And God, that’s hard work. Not to be “like that”, but it’s hard now more than ever. Wars throughout the world, horrifying detention camps at my country’s border, a worldwide pandemic. A new world with new rules that prevent us from spending time with our loved ones, sharing our faith, experiencing communion. Even people like me who have a lot of privileges and blessings are prone to be in a bit of a spiritual wasteland right now.

And yet Isaiah seems to think we have reason for hope. Because he tells us to prepare a way for the Lord in the most unlikely of places—a desert. A wasteland! Maybe Isaiah wants to tell us that in the midst of all the trials and desolations, seeds are being planted for something better, something holy.

It’s not just scripture that’s telling me that, it’s also my own life experiences. I have a history of severe depression, a dark mental place that I thought I’d never escape from. Looking back on that time, I can see that even then, God planted the seeds in me for the wonderful life that I have now. In that desert, a way for the Lord ended up being prepared in my life, against all odds.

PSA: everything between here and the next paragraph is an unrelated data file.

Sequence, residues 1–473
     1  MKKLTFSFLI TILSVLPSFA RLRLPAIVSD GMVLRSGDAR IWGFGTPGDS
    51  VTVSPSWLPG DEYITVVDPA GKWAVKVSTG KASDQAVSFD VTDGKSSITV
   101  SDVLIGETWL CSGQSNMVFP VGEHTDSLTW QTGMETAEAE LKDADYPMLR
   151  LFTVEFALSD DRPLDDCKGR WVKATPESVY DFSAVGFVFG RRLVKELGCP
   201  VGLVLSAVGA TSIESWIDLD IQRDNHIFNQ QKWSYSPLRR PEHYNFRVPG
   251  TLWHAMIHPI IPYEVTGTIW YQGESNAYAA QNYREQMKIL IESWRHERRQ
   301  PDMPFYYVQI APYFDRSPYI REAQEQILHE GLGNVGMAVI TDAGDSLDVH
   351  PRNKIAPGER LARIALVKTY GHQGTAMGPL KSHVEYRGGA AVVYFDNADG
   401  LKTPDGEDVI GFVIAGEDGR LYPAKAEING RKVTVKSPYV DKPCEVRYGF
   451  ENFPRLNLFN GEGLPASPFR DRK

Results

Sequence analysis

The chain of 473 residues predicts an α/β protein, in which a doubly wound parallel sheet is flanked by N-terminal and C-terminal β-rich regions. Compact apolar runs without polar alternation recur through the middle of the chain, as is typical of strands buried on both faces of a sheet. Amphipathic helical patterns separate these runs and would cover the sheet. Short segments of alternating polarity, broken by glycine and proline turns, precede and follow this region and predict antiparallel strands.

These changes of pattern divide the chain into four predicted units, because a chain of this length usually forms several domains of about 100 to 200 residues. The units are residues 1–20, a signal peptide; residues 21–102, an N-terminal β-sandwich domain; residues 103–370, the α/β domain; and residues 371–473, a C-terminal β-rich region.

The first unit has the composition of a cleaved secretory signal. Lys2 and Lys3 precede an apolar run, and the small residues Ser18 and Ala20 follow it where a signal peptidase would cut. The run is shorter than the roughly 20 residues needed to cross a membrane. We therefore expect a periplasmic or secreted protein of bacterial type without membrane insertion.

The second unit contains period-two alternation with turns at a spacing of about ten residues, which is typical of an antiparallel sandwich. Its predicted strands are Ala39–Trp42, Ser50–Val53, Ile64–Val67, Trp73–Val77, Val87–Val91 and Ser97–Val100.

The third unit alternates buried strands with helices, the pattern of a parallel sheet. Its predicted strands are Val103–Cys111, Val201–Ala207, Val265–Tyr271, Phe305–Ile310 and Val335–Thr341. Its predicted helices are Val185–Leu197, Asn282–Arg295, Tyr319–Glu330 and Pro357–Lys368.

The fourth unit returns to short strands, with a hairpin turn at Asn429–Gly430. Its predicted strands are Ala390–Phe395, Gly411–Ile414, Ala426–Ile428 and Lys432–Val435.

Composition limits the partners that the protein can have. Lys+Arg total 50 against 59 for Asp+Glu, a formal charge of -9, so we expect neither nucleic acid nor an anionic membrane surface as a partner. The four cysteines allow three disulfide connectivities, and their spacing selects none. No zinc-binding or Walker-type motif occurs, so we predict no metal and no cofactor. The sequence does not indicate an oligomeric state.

Is it naïve then to believe- to Hope- that these many “deserts” will be the starting points for the coming of God into the world, in better ways than we could imagine? Maybe so. But I’m not ready lose that Hope just yet.

So I’m spending this Advent excited and optimistic. Somehow I’ve got confidence that in the midst of this spiritual wasteland a highway for our God will be made straight (or made queer?). And not only that, I’ll try to use my little corner of existence to build God’s kingdom. To exalt all those valleys and bring down the mountains and be that voice crying out for others “In the desert prepare a way for the Lord!”.

Who’s with me?